The negative consequences of age discrimination in many countries are more widespread than discrimination due to race or gender, yet differential treatment based on a person's age is often seen as more acceptable and even desirable, according to the newest edition of the Public Policy & Aging Report (PP&AR). This publication, which features cross-national perspectives, was jointly produced by The Gerontological Society of America (GSA) and AGE UK.
The PP&AR explores how discriminatory behaviors manifest themselves, steps that are being taken to address those behaviors, and the challenges associated with asserting elders' individual rights while acknowledging vulnerabilities that are inevitably—although variably—associated with advanced chronological age.
Five separate articles illuminate the issues and options that face policymakers as they seek to eliminate negative discriminatory behaviors. Yet, the authors wrestle as well with how to identify and preserve age-biased provisions and practices that bring legitimate and needed benefits to older people. In particular, they ask if age discrimination is ever acceptable and whom might such discrimination advantage.
"We find that age-based discrimination raises a series of unique dilemmas for policymaking and service delivery," said GSA Executive Director James Appleby, RPh, MPH. "We're proud to partner with AGE UK to bring together the top minds from United States and the United Kingdom to address them."
Authors Dominic Abrahms, PhD, and Hannah J. Swift pint out that among the 28 countries assessed in the 2008-2009 European Social Survey, 24 percent of respondents reported that they had experienced prejudice because of their gender and 16 percent because of their race or ethnicity. However, 34 percent reported having experienced age prejudice in the last year, 37 percent said they had felt a lack of respect because of their age, and 28 percent said they had been treated badly because of their age. Overall, 46 percent of respondents said they had experienced at least one of these forms of age prejudice in the last year.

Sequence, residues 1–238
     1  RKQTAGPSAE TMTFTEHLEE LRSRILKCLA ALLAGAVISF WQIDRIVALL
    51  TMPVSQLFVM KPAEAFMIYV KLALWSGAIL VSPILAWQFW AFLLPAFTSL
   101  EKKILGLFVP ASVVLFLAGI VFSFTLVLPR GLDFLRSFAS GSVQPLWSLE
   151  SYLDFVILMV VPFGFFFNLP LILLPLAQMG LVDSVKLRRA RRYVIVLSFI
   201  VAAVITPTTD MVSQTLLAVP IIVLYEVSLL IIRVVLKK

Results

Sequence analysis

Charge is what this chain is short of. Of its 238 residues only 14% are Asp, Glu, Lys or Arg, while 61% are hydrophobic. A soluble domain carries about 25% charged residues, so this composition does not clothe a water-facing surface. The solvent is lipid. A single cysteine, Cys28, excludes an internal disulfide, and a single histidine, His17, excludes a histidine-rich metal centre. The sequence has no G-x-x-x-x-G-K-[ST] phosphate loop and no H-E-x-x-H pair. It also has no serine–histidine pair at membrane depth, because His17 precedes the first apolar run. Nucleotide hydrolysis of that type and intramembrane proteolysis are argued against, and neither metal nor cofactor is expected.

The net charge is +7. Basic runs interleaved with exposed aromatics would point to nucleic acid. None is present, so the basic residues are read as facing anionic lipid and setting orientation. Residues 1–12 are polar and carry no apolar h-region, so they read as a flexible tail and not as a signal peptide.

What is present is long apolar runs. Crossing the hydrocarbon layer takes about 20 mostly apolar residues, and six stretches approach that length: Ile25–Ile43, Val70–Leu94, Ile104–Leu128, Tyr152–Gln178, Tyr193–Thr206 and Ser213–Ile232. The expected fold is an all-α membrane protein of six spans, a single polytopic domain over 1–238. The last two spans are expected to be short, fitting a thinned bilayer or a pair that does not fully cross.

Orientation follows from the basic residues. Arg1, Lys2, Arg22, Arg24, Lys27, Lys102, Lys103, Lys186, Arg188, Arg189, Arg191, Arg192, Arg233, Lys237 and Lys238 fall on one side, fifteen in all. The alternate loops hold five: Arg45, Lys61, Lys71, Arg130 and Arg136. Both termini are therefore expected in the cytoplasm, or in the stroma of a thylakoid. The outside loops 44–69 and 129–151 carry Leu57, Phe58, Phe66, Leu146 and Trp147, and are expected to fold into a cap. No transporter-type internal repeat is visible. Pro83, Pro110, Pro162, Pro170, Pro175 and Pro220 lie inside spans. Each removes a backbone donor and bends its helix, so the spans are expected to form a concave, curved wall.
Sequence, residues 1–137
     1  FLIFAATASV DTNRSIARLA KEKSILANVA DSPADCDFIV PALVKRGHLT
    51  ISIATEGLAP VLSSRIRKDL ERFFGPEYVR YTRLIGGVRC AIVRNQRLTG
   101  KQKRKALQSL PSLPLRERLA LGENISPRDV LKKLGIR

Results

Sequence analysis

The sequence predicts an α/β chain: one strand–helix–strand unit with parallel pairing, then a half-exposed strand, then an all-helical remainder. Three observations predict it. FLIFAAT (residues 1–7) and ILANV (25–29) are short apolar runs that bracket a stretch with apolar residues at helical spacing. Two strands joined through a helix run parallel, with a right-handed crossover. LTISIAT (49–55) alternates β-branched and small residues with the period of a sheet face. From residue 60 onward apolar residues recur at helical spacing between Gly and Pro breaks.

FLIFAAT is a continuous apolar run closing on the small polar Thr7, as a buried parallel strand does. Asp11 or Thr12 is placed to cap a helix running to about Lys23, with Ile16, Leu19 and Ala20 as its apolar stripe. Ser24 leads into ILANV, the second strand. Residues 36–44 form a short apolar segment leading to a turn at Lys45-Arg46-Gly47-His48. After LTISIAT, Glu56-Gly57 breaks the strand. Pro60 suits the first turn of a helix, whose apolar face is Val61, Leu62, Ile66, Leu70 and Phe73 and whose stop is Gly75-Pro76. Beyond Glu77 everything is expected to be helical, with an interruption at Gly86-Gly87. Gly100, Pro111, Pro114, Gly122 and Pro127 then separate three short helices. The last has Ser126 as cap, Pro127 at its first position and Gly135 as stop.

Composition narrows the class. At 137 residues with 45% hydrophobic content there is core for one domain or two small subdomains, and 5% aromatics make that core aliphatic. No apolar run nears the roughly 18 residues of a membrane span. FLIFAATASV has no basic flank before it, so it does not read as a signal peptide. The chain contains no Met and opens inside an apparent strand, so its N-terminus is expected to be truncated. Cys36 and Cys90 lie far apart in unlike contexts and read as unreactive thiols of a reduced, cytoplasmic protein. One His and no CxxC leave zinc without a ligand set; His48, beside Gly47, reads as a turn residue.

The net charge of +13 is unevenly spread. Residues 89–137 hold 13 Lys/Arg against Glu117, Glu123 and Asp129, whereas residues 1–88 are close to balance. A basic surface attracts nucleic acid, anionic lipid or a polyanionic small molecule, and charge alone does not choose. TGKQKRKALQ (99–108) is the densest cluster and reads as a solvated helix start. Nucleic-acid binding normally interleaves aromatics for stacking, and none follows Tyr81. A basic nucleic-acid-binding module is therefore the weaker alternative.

Tay K. McNamara, PhD, and John Williamson, PhD, provide data from the U.S. Equal Employment Opportunity Commission, which show that the percentage of the charges filed with the commission attributable to age has increased steadily over the past 15 years. In 2011, for example, almost one in four claims was related to age discrimination. Yet these authors go on to identify examples of possible acceptable treatment of people of different ages, including mandatory retirement in certain occupations (e.g., firefighting and law enforcement), senior citizen discounts, age-restricted communities, more frequent testing of older drivers, and lower positioning of older people on organ transplant waiting lists.
The new PP&AR, "Cross-National Perspectives on Age Discrimination," is available for purchase at www.geron.org/bookstore. Reporters may request electronic review copies.
"This valuable research highlights that age discrimination is widespread on both sides of the Atlantic," said James Goodwin, PhD, the head of research at Age UK. "It explores some of the contradictions evident in both the UK and the USA—for example why older people continue to be portrayed as a burden to society, ignoring their economic contribution. We need to look beyond someone's age at their individual strengths and strive for a society where older people are active, in better health, and accepted as individuals who are important to a community and capable of contributing to the economics of the country as consumers and as producers."